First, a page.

Inter deserve a great deal of credit for their impressive against Torino. The conditions were tricky: a soaked pitch, water lodged everywhere, that pretty tippy tappy, ball-working-through-the-middle-then-sprung-wide style rendered neigh-on impossible.
The team persisted. Inter’s midfield could barely string passes together. As a whole, the team completed just 72% of their passes — so tricky was it to move the ball over a flooded field. The whole physics of the sport changed: Players were slipping; the ball got stuck under feet; every touch was required to be a little bit firmer, but not too firm:
Conte had to adjust. Usually, the coach looks to gain a superiority of numbers in the middle of the pitch before working the ball wide to an open wingback or peeling striker, before the ball is flashed into the box.
Conte was forced into a new approach. Inter were more deliberated, less mobile. Gone were some of those first-time channel balls. In was some old fashioned goodness: Get the ball wide, deliver it from slightly deeper – the edge of the box – and get runners sprinting towards the goal. The angle of delivery and the deluge of bodies guaranteed good things, accentuated by the skiddiness of the ball. Whether they stuck it in themselves, the ball skid all on its own, or if it hit a defender, a good thing was bound to happen.
And it did. Lukaku’s movement was deadly. He either drew defenders to him or was able to slip away and find his own space. It took a wonderful save to deny Lukaku on the half-hour mark:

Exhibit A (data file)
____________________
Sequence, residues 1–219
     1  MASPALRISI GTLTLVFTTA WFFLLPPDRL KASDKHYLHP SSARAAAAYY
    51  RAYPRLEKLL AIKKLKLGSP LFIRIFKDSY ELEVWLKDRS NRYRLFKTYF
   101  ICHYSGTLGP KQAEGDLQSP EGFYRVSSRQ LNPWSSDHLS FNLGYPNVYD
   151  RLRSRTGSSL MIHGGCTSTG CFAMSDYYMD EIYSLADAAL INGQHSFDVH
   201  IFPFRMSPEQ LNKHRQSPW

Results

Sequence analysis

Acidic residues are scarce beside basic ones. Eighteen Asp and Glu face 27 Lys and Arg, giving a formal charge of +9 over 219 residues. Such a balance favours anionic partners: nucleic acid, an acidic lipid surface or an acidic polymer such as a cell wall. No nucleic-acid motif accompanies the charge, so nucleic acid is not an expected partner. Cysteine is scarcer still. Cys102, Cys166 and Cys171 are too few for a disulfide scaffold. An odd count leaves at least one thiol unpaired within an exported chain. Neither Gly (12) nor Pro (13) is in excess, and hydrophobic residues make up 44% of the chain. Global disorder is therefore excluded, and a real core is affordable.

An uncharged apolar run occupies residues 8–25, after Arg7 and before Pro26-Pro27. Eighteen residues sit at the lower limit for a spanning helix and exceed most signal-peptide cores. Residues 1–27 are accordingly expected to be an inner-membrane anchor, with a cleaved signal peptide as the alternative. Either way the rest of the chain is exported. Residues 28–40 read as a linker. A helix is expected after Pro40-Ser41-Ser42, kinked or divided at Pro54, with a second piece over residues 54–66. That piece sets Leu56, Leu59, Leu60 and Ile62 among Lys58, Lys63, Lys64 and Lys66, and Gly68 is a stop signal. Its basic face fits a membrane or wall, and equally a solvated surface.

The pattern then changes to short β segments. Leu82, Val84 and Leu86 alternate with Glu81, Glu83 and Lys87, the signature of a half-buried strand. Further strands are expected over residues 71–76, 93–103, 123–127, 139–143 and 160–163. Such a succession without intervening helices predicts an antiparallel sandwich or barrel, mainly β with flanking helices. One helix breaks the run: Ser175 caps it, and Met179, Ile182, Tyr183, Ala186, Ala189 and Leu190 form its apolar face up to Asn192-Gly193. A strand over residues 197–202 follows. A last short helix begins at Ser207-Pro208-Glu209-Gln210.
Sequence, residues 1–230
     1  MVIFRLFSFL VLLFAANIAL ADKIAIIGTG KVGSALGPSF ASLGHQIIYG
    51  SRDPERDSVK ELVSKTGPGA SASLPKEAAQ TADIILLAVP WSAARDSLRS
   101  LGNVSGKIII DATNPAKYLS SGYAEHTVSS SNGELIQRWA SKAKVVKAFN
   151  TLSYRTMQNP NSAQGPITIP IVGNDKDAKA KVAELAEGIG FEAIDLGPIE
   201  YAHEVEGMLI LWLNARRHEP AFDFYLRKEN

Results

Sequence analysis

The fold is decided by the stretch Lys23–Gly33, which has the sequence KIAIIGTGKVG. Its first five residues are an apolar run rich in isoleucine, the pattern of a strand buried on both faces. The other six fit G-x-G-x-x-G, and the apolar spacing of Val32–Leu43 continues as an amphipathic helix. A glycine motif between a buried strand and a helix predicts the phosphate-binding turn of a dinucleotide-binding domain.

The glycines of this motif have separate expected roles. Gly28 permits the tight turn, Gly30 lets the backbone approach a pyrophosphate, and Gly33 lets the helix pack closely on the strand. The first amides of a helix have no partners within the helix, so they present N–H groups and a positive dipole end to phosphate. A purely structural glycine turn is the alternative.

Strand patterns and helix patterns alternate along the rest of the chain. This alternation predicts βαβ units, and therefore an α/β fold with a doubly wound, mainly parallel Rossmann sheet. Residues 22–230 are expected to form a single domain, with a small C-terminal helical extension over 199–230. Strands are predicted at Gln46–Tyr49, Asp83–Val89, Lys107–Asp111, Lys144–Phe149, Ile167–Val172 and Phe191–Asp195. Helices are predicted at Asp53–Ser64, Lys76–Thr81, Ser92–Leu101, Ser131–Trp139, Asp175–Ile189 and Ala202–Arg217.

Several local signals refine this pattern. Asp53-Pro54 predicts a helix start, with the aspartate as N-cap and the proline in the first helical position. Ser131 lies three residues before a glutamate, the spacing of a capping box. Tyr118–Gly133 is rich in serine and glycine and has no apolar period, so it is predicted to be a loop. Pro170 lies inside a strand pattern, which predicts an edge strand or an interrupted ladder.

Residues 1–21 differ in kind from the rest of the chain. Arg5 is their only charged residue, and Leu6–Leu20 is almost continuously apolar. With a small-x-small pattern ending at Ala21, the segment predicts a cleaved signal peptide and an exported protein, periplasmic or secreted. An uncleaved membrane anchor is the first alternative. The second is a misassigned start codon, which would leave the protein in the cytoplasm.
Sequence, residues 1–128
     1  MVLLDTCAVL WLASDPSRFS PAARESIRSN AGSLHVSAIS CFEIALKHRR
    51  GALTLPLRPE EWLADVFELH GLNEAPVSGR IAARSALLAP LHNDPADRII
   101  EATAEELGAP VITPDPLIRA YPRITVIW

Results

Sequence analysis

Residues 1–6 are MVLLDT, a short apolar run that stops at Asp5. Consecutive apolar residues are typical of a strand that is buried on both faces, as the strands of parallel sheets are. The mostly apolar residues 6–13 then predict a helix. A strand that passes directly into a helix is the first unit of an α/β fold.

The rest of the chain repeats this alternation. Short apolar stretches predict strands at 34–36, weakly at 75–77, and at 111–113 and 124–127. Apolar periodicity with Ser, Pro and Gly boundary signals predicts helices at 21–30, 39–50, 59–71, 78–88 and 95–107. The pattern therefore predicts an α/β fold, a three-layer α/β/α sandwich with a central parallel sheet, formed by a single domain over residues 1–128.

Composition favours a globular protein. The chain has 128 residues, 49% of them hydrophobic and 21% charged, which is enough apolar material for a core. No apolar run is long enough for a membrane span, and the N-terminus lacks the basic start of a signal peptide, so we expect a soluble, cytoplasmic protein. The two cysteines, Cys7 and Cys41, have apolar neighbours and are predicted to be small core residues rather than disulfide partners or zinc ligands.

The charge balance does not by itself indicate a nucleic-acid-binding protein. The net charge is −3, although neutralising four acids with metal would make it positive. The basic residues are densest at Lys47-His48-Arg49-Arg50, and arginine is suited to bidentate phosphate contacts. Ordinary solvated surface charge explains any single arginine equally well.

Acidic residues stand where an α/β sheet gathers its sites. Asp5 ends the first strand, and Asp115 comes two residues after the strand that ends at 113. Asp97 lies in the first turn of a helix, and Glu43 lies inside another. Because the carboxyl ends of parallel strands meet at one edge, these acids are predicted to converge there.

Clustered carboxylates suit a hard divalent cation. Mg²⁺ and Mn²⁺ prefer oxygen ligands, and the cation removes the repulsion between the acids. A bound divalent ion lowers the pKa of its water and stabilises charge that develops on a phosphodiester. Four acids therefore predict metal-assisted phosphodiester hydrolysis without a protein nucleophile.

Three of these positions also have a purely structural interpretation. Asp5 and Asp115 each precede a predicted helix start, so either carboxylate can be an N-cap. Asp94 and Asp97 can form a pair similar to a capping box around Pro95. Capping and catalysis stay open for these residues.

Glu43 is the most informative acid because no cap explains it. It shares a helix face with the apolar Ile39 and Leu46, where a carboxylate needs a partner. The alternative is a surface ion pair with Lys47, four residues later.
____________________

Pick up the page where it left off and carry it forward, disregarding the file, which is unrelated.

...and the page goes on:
Inter’s second goal came from a similar concept: A well-worked corner routine that put the launch point (a fancy scouting term for where a cross starts) in the perfect spot, giving Biraghi a great angle to deliver a quality cross:
Watch Lukaku draw the attention of two defenders at the near post while de Vrij sneaks around the back:
Torino had three really good chances in the first half. A scoreline of one-apiece would have been fair. But they weren’t clinical enough; Inter were.
It would have been easy to say “Fuck this. I’m not up for it tonight.” But on such an important weekend for the title race, Inter dug deep and battled. They went 3-0 up thanks to a picture-perfect counter-attack, featuring a delightful Lukaku finish (he now has 10 goals in Serie A alone this campaign).
Once up 3-0, Inter went to work killing the game. For the final 30 minutes, nothing happened.
A tricky game on the road. Shitty conditions. An opponent under fire. Get in, get out. Three goals. A clean sheet. That’s the hallmark of champions.
Inter has the perfect mix of savvy veterans and young pups. On Saturday they showed their versatility. Conte demanded something different of them stylistically and mentally. His players responded. That, as much as any free-flowing win, will send the best title warning to those fellas in Turin.